HRDC FOIA Litigation in New Mexico Corrections Department, Private Prisons
Rights group sues New Mexico Corrections Department, private prison operators
By Phaedra Haywood email@example.com Updated
The Human Rights Defense Center is accusing the state Corrections Department and two private prison operators of breaking the law by refusing to provide records regarding lawsuits against the prison management companies.
“They are basically pointing the finger at each other,” center founder Paul Wright said in a phone interview Thursday. “The state says they don’t have them, and the companies are saying they have them but aren’t under any responsibility to disclose them.”
Management and Training Corp., which manages the Otero County Prison Facility, and GEO Group, which operates the Lea County Correctional Facility and Guadalupe County Correctional Facility, are the companies the center says won’t release the records.
According to two lawsuits filed Tuesday in state District Court, the center asked the companies earlier this year for “all verdicts and settlements related to all claims or lawsuits” brought against MTC in which payments totaled more than $1,000 for the past 10 years, and “all claims or lawsuits” brought against GEO Group “concerning any confinement facility operated in New Mexico” for the same time period.
Both companies said they weren’t subject to the state Inspection of Public Records Act, according to the lawsuits, and the Corrections Department said the records were in the possession of the private contractors.
Wright said Thursday the lawsuits and their outcomes are important because they shed light on conditions inside New Mexico prisons, where 25 percent to 30 percent of state inmates are housed in facilities run by for-profit companies.
“Prison systems rarely exercise much in the way of supervision over these companies,” Wright said. “Taxpayers are paying tens of millions of dollars for these services. Lawsuits are a great gauge of how well they are carrying out their duties.
“When you look at these lawsuits, you see cases of prisoners being killed by guards, beaten and raped by guards, killed by other prisoners, and dying of abuse and neglect,” Wright said.
“If we asked for this information from New Mexico Corrections Department or jails, they are legally obligated to give it to us,” he said. “But we’ve got these private companies refusing to give us information that if it were held by a public company they would have to give it to us.”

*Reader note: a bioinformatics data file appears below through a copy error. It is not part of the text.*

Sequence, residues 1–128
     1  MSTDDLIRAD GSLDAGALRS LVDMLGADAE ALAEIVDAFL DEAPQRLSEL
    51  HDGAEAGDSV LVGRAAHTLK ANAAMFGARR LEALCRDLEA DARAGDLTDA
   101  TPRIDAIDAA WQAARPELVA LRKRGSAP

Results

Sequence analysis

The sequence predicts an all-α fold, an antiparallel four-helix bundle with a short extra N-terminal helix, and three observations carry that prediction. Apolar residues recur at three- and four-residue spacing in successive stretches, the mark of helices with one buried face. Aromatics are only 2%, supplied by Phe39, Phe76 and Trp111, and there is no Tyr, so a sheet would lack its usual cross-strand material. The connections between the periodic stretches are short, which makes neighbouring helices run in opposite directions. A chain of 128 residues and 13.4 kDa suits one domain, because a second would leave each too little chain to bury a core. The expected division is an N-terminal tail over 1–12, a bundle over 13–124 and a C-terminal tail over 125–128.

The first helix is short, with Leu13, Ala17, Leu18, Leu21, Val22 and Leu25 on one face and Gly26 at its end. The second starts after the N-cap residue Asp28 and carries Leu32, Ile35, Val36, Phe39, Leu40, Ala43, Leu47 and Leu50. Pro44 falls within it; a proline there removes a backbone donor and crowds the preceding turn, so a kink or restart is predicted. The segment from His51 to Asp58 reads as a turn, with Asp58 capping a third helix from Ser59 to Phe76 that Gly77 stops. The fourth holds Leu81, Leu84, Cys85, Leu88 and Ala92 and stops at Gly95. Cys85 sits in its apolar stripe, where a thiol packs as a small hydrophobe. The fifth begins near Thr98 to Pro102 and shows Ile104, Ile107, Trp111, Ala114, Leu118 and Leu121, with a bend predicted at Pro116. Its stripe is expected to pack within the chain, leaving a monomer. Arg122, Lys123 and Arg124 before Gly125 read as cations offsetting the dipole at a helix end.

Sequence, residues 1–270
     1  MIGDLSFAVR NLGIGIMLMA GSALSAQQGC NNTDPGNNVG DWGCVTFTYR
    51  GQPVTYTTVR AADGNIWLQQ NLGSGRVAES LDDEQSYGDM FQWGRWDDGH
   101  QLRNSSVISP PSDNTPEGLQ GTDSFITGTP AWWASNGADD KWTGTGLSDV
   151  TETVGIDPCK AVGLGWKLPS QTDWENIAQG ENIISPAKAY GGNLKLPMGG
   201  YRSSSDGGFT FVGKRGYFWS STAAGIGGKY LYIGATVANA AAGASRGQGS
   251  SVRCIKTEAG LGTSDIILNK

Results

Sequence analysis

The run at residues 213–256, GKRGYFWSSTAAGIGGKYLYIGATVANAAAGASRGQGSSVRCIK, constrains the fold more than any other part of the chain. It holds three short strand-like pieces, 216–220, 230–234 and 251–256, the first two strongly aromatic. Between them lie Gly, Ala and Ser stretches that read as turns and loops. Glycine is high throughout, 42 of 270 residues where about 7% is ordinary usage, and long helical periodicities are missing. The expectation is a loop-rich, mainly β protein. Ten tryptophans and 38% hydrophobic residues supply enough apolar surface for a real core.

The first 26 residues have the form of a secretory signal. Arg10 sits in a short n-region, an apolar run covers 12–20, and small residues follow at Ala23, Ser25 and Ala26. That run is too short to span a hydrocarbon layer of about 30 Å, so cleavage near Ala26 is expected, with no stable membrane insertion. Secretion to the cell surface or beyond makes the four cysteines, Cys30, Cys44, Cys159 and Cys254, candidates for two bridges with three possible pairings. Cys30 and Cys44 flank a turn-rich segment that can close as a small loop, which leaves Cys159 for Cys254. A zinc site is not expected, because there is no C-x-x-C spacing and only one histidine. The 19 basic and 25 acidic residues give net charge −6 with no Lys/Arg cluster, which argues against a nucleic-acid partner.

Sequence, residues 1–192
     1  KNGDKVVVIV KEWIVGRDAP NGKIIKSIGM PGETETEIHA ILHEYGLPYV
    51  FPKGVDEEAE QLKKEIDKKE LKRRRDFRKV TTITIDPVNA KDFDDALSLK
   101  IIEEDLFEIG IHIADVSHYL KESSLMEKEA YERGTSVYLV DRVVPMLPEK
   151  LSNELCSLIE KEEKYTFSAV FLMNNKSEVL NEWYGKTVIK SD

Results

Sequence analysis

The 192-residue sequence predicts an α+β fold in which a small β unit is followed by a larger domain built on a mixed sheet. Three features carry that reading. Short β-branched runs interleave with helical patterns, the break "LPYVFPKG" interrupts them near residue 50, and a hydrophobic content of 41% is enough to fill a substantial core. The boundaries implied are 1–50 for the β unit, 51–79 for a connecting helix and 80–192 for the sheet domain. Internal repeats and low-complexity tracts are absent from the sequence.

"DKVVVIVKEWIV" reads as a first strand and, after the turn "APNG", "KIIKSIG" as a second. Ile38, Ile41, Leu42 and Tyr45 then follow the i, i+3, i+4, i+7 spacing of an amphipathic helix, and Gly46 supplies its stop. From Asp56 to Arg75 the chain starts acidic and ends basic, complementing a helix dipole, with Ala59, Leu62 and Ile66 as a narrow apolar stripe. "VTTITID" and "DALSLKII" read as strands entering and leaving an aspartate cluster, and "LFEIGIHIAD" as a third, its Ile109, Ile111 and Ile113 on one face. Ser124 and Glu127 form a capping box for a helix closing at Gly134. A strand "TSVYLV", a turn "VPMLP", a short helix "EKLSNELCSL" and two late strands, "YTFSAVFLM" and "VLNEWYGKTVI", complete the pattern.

Wright said the Corrections Department is “complicit in concealing this information” because it doesn’t require the contractors to comply with IPRA.
In Florida, where the Human Rights Defense Center is based, the Department of Corrections includes provisions in contracts with private prison operators that require the companies to acknowledge they are subject to open-records laws, Wright said.
“In New Mexico, they aren’t taking that position,” he said. “No one in the Department of Corrections wants the public to know how bad these private prison companies are doing. And if they have nothing to hide, then why are they trying to keep these things under wraps?”
New Mexico Corrections Department spokesman Eric Harrison said in an email Thursday: “It does not appear we have been served as of today. Regardless, we cannot comment on active litigation.”
GEO Group did not respond to an email requesting comment on the center’s claims.
A spokesman for MTC — which manages a prison facility and an immigration processing center in Southern New Mexico, both of which have been overrun with novel coronavirus cases — said in an email: “MTC appropriately responded to the request it received from Human Rights Defense Center and will vigorously defend the lawsuit.”
Prying public records from private prison contractors has been an ongoing battle in New Mexico.
The Santa Fe New Mexican, the Albuquerque Journal and the Foundation for Open Government jointly sued Corizon Health in 2015 after the company, which formerly held a $37.5 million-per-year contract to provide medical care to state inmates, refused to release its settlement agreements in response to a request from The New Mexican.
State District Judge Raymond Ortiz ruled in 2016 the records were public and must be released. The New Mexico Court of Appeals affirmed his ruling in September. And the state Supreme Court declined to review the ruling late last year, resulting in some of the records being released.
Wright said the center, which publishes Prison Legal News, also has successfully litigated the issue against Corizon.
But private prison management and medical care providers have continued to respond to records requests by saying they aren’t subject to IPRA.
Gov. Michelle Lujan Grisham and Corrections Secretary Alisha Tafoya Lucero both have said they support transparency when it comes to settlements.
But the Corrections Department awarded a new inmate medical care contract — worth about $246 million over the next four years — to Wexford Health Sources in 2019 that maintained the status quo.
Asked at the time why the Corrections Department did not include a provision in Wexford’s contract regarding transparency, Harrison said the medical care vendors they’ve dealt with have not been amenable to such a provision.
Lujan Grisham’s office did not respond Thursday to an email asking why the state does not require contract recipients to comply with IPRA.